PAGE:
Breaking news online: A short history and timeline

The events in Mumbai, and news coverage thereof, have got me thinking about big news events I remember having a significant impact online, or via online reporting. Maybe these are milestones in the evolution of news reporting.

April 19, 1995: American terrorists (not Muslims) bombed a federal government building in Oklahoma City (168 people died and hundreds were injured). I was working at The Washington Post’s very new online news operation, which had no Web presence yet (it ran on a proprietary platform, sort of like the old AOL). We journalists used the Web frantically and continuously to gather facts and background information throughout the day and into the night. The Web was our primary tool, and we were many hours ahead of the print newsroom. But in 1995, most journalists did not have access to the Internet at their desk.

September 11, 2001: The Internet failed. Sites such as were inaccessible within minutes after the second plane struck the World Trade Center. News sites scrambled to adjust, with all Ted Turner’s properties (for example) converting their servers to carry CNN news. We watched this event on television — for days. However, the Internet also triumphed: We received numerous eyewitness reports from inside New York via blogs and e-mail, at a time when phone access was compromised for almost everyone trying to call in and many trying to call out. An early study of how people used the Web at this time: Online Structure for Civic Engagement in the September 11 Web Sphere, by academics Kirsten A. Foot and Steven M. Schneider.

July 7, 2005: Bombs exploded in London tube trains and on a bus, and passengers reported the aftermath by sending photos snapped with their mobile phones. Longtime journalist Tim Porter documented this on his blog, and even National Geographic saw fit to comment on the role of cell phone cameras in reporting these events.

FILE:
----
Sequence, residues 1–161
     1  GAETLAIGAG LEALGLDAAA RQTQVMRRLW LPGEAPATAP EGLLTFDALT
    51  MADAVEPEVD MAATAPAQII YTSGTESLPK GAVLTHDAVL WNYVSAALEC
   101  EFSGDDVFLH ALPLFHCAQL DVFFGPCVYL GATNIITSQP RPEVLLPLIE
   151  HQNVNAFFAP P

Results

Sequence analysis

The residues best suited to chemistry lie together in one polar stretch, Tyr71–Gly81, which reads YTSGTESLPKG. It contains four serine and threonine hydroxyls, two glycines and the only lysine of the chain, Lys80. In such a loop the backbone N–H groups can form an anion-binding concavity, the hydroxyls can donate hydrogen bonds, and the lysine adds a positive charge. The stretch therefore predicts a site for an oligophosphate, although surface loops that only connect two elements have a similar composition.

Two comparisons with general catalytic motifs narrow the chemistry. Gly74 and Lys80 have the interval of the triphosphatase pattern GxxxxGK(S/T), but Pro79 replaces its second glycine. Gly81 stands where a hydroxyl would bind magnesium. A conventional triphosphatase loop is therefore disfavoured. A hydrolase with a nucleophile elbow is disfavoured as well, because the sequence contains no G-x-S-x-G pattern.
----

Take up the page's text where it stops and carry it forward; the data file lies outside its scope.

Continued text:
February – April 2006: Paris was burning, and hundreds of Flickr users posted photos throughout the protests.

September 2006: A coup d’état in Thailand, reported to be peaceful and bloodless, was shown to be exactly that in contemporary photos posted on Flickr.

April 16, 2007: A gunman opens fire at Virginia Tech, killing 32. Students on the campus shared rumors and news reports among themselves via their native communication channels, such as Facebook; big media eavesdropped and re-broadcast these reports. In addition, a Wikipedia page created at 15:16 UTC (11:16 a.m. local time) on April 16 was updated and edited throughout the day by multiple authors. I may be wrong, but I think this was the first really significant use of a Wikipedia “current events” page. Noam Cohen wrote a good article about this phenomenon for The New York Times.

August – September 2007: Protests and government suppression in Burma (Myanmar) could not be covered on the ground by most journalists, of any nationality — so people inside the country risked everything to send news out, mostly via mobile phones. BBC News made particularly good use of these wrenching eyewitness reports.

November 26, 2008: Terrorist attacks at several locations in Mumbai, India, were reported on Twitter almost immediately after they happened. An article at sums up the role played by Twitter.

Have I forgotten anything?

Related: See Paul Bradshaw’s blog-specific post from earlier this month: Are these the biggest moments in journalism-blogging history? You’ll see references to Matt Drudge/Monica Lewinsky; Trent Lott; “Rathergate”; and other famous incidents of journalism blogging. Not quite the same as what I’m listing here. Maybe I should call this “from the scene” or “eyewitness,” to distinguish it from Paul’s excellent list, which is more about uncovering, questioning, and caling to account — the functions of blogs acting as a cohort to MSM. Paul and I do have some overlap in our lists, particularly September 11, the London bombings, and Burma.

18 Comments on “Breaking news online: A short history and timeline

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  2. During my time at the BBC, there were two key events in 1997 that helped to legitimise the web as a news source in Britain.

    First were the 1997 general elections and the Labour victory, with the BBC covering the news live online and publishing the results as they came in –